“Even though he still smiles occasionally, Danny has major cognitive delays due to his seizures,” Orsi shared. “When he woke up from the coma, we could tell that his fun, joyous personality was gone, and it feels like we're losing him more and more each day because of the seizures.”
On top of that - all of that - Danny has remained paralyzed. He can only move his arms a tiny bit, and he has no head or trunk control and is unable to move his legs at all.
At this point in Danny’s story, we wanted to wrap his family in a hug and sit and cry with them. The unfairness of it all is nearly too much to comprehend. How do you pull yourself out of something like that? How do you find the strength to do anything at all?
“We just take each day as it comes,” Orsi told us. “It’s all we can manage.”
They’re doing all they can to keep moving forward, and finding Chive Charities was a big part of that.
“We knew that having a wheelchair-accessible vehicle would greatly improve Danny’s quality of life,” said Orsi. “Even though we try to live frugally, as a one-income family, there’s no way we could afford an ADA van ourselves.”
Chive Charities can’t pull them entirely out of the mud, but we have been known to help with wheelchair-accessible vans a time or two (or 215 and counting, to be exact.)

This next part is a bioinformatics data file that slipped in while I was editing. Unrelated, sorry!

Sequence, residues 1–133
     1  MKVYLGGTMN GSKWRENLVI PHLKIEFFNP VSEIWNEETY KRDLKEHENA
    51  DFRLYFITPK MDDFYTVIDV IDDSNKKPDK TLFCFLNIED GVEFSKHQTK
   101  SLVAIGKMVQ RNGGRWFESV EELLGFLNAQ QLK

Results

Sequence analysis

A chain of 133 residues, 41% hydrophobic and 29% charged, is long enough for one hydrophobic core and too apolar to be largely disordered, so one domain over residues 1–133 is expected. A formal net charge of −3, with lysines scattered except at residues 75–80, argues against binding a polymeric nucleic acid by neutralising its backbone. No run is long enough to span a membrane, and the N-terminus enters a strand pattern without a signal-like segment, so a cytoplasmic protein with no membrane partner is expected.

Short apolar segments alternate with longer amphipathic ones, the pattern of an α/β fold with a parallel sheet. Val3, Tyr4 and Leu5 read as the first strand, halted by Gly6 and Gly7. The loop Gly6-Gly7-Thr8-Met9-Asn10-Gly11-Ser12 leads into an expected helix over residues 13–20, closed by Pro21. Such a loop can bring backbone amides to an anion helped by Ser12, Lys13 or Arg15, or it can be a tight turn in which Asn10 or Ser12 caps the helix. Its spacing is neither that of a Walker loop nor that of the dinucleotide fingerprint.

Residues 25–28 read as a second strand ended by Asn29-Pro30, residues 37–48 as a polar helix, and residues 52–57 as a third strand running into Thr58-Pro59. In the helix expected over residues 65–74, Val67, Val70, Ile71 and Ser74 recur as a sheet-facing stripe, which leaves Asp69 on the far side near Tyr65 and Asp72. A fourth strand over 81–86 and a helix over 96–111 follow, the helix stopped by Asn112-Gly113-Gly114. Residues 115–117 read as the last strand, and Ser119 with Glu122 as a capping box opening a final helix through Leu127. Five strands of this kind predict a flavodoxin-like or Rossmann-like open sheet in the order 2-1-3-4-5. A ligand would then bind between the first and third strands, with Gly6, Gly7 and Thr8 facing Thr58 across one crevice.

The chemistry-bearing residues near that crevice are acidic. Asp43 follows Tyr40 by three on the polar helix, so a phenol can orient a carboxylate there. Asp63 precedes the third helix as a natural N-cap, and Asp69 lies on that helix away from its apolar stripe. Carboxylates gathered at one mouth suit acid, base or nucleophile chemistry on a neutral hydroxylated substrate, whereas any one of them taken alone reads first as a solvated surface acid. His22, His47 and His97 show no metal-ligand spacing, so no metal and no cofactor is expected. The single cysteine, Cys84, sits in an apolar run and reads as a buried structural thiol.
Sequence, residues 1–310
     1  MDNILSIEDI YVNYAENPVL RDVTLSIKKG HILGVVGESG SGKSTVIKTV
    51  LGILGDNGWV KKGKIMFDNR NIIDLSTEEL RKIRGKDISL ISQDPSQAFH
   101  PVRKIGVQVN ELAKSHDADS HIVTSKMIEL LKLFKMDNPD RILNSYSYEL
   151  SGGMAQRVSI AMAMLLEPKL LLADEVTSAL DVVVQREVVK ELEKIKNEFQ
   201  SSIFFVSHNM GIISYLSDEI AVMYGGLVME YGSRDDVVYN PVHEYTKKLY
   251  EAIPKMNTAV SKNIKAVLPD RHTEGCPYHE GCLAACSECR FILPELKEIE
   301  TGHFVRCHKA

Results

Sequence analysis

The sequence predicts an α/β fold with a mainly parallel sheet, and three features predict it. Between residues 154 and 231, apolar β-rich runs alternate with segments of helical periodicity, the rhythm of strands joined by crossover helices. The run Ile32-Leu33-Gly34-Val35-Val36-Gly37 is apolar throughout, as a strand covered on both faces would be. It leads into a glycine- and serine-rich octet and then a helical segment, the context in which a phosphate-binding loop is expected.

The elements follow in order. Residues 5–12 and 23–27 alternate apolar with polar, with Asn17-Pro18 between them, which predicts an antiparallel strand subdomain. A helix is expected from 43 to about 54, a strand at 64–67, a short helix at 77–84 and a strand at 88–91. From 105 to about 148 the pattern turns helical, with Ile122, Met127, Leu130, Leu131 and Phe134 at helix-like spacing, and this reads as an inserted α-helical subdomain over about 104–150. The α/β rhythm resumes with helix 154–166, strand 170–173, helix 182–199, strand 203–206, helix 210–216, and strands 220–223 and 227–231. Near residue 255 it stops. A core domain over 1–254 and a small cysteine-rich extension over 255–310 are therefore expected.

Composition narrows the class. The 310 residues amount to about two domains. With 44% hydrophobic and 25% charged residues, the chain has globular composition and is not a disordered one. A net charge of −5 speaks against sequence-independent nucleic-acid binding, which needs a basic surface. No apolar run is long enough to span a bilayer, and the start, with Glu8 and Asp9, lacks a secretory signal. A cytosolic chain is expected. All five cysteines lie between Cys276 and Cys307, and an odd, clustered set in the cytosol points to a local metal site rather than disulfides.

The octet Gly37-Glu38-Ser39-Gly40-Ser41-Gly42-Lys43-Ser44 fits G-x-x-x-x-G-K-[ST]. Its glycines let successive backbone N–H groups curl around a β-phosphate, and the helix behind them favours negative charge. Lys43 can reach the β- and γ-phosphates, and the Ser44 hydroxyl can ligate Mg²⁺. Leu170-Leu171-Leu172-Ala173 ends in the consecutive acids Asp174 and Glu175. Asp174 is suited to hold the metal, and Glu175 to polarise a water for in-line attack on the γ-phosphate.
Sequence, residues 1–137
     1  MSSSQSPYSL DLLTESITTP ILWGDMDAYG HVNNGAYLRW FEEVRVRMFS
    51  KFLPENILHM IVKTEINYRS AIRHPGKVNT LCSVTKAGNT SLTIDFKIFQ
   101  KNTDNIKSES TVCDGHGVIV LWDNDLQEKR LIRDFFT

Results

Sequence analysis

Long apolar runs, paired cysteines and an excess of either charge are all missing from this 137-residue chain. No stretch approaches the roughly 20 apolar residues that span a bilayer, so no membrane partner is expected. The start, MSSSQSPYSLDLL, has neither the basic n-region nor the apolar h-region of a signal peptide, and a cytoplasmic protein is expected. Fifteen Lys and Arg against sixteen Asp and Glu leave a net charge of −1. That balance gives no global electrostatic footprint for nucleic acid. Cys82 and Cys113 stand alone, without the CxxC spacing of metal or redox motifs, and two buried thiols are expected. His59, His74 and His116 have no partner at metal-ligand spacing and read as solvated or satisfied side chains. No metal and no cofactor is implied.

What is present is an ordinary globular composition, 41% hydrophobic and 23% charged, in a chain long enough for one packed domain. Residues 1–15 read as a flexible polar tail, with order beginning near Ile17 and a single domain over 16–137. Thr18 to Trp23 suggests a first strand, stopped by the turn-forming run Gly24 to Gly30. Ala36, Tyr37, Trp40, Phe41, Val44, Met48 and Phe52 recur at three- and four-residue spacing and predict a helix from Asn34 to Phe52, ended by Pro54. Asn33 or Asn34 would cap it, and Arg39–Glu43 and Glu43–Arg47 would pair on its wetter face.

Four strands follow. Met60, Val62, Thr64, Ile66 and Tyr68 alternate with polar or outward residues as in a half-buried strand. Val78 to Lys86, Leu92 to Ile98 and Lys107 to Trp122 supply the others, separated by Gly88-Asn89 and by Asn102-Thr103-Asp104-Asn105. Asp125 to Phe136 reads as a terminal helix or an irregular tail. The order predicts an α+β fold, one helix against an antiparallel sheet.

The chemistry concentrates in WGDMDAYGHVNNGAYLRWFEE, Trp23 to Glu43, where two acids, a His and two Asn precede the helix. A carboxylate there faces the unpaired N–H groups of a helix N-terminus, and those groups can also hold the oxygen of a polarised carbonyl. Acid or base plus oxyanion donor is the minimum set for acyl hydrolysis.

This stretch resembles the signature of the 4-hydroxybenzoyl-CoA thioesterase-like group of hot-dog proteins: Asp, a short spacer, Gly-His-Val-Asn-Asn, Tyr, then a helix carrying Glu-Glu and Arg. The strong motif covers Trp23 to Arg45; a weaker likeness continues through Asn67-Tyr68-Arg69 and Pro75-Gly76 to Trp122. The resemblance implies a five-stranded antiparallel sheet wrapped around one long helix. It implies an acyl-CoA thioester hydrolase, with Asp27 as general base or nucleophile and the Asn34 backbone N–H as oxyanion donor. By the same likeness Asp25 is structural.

We also reached out to our friends and partners at DuroMax to see if they’d be willing to donate a generator to help power Danny’s life-saving medical equipment in the event of an outage. They graciously agreed, and not long after, we were stunned to receive this message from Orsi:
“We got the generator 4-5 weeks ago. It was delivered to us on a Monday afternoon, and that same evening, there was a huge storm and our power went off! We were able to use the generator to keep Danny’s equipment going. We didn’t get our power back on until the next evening. The last time we had an outage was years and years ago, so it was great timing and a huge blessing to our family.”
She also forwarded a photo of Danny, posing in front of his new van with a soft smile on his face.
When it comes down to it, we know Danny’s family is eternally grateful for the support of Chive Charities and people like you who donated to help them. This van is a game changer. Still, there’s a rawness to this new reality of theirs.
They are firmly in the mud. They don’t want to need this van. They want the life they had with Danny and their kids before a bad moment became a bad experience that became a bad nightmare.
But there’s also beauty in this story. There’s hope in this van and the burden it lifts. We can still wish they didn’t need it - and so can they.
In a perfect, mud-free world, Chive Charities wouldn’t exist, because these families wouldn’t have a need for a wheelchair-accessible van, life-saving medical equipment, or any of the other 545 grants we’ve provided in the last 10 years. Unfortunately, this is not a perfect world. So instead, we find ourselves humbled by the individuals who need some help, and humbled by the individuals who give it. They might be in the mud, but Chive Charities is there to help get them out of it.
As my friend once said: You have to embrace it - the good, the bad, and the ugly - and make something good out of it.” There’s still more good to be done. DONATE HERE.